SHAFAQNA – “I came seeking reformation for the Ummah [community] of my grandfather Muhammad. I intend to enjoy good and forbid evil, to act according to the traditions of my grandfather and my father Ali ibn Abi Talib.” Imam Hussain
If the Day of Ashura remains forever clouded by the martyrdom of Imam Hussain – a pain and a loss felt to such a degree and magnitude that 13 centuries on a community’s tears have yet to dry up, it also came to symbolise hope, resilience and trust in the notion that the practice of one’s religious duty supersedes all manners of sacrifice.
An Imam of Islam appointed by God to act together a guardian and a guide to His community, Imam Hussain came out to the plain of Karbala not to fight – although ultimately he had to unsheathed his sword, but to call man back to the truth and away from transgression.
Imam Hussain’s movement was an invitation to return to the teachings of the Quran and the tradition of the Prophet Muhammad in the face of the many and grave distortions a certain elite had architected so that individuals’ ambitions would be served.
Today such transgressions have been compounded into the horror that we call: Islamic radicalism. While one can understand how society came to associate Islam to the aberration that is Wahhabism/Salafism on account its disciples have sold it as such, it remains nevertheless true that that ideology ISIS militants have vociferated across has no rooting in Islam – except for the claims wahhabis have posited.
Claiming a truth does not make it so!
This Terror ISIS has spread is that which Imam Hussain faced in Karbala 13 centuries ago. And though its name then, and the manner of its leadership then may have existed under a different banner, its nature is anchored in the same rejection of humanity, the same desire to corrupt the Scriptures, the same need to oppress on the basis of one’s difference … If yesterday transgressors rallied under the leadership of Yazid ibn Mua’wiyyah, today it is under the black flag of ISIS that tyrants have waged a war against communities.
It is to denounce such hate and attest to their Imam’s sacrifice that Shia Muslims came out in their thousands this Sunday, so all would be reminded that Islam speaks not of violence and oppression.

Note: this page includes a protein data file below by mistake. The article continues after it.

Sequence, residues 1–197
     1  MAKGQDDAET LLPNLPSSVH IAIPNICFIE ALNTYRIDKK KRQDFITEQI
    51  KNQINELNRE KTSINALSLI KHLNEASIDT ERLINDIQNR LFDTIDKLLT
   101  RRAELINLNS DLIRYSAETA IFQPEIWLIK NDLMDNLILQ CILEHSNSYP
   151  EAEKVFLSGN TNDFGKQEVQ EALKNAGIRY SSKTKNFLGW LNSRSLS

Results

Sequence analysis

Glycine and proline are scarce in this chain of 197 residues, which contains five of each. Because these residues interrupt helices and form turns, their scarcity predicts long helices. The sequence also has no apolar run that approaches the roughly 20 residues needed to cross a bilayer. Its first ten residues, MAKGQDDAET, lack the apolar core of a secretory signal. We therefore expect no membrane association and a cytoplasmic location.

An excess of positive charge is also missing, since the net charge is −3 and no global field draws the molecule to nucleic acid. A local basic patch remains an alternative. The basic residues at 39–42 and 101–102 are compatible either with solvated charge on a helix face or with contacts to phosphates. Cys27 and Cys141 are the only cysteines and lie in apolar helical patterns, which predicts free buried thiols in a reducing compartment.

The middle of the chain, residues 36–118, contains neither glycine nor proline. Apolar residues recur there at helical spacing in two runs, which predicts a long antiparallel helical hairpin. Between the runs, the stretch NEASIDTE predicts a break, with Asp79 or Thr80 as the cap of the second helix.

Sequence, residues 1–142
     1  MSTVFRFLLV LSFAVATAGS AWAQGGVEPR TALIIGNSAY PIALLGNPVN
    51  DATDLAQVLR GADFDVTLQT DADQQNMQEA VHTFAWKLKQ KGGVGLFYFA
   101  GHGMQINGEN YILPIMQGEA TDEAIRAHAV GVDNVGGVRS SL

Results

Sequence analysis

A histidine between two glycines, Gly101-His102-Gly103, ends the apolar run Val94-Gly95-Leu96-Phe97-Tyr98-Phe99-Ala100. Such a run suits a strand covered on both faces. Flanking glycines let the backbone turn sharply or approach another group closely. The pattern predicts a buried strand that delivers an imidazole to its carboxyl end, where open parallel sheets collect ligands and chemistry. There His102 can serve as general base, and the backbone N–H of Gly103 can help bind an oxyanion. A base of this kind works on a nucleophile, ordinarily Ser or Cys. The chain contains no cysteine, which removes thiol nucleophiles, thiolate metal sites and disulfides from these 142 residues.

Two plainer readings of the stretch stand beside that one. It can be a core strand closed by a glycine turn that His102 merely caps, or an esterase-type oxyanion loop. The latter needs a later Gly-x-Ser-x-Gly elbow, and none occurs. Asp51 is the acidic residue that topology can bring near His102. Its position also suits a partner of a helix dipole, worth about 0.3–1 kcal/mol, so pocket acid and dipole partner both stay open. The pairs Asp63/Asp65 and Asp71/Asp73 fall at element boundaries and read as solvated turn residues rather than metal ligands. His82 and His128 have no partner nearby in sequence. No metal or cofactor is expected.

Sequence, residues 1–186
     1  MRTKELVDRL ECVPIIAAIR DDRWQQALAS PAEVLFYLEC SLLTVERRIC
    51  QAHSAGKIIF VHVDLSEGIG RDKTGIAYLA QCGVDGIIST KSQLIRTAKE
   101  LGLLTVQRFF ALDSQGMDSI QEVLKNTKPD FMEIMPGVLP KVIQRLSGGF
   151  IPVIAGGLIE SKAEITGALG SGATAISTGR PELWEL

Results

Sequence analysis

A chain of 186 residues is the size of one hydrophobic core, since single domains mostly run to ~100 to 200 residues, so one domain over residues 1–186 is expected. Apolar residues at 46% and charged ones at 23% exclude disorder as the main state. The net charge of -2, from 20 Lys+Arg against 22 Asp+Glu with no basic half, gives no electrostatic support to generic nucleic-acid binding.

Several thousands strong the procession took off from Marble Arch towards Holland Park to unequivocally assert Muslims’ rejection of ISIS ideology, an ideology that has claimed tens of thousands of Muslims to its violence, displaced millions and forced a faith to live under the label of terrorism.
“We have a duty as Muslims, as Shia to honour the sacrifice of Imam Hussain by carrying his message. Islam speaks of justice, compassion, and dignity. And so we must expose those who, through their lies and actions have sullied this message.”
He added: “Imam Hussain stood against Tyranny, and so are we today!
Yusra Hussain Elkhafaifi, a student in Islamic Studies from Edinburgh commented: “What a better day than the Day of Ashura to reject tyranny and make our voices heard? While of course as Muslims we resent those who label us as radicals but the onus is on us to act in such a manner that society is made to understand that Islam is not ISIS. Also and I think it is an important message as well to Sunni Muslims … if Shia have been labelled as apostates, they, Sunnis, have been hijacked by extremist clerics. We ought to unite in our rejection of falsehood and end any form of sectarian-based violence.”
Indeed … often ridiculed by Wahhabi-inspired clerics for their reverence of the progeny of the Prophet Muhammad [AhlulBayt] Shia Muslims have suffered persecution and death more than any other religious minority across the Islamic world, and yet, perception has been that somehow they bear responsibility in the Terror wielded against them.
If Terror in fact is very real, we have yet to clearly blame those who fan it, and not assign blame onto its victims.
“The battle of Karbala, during which Imam Hussein and some members of his family and his companions were brutally massacred is a vivid lesson to how spirituality can be a strong drive for people to stand in face of injustice and tyranny,” noted Zaynab al Youssefi as she held a banner reading: #NotInMyname.
“Imam Hussain came to liberate all people regardless of their faith on account we are all equal in our humanity. That is Islam for me! And that is the message our Imam died for … So yes we are here today to carry his banner and carry on his legacy.”
By Catherine Shakdam – Director Shafaqna Institute of Middle Eastern Studies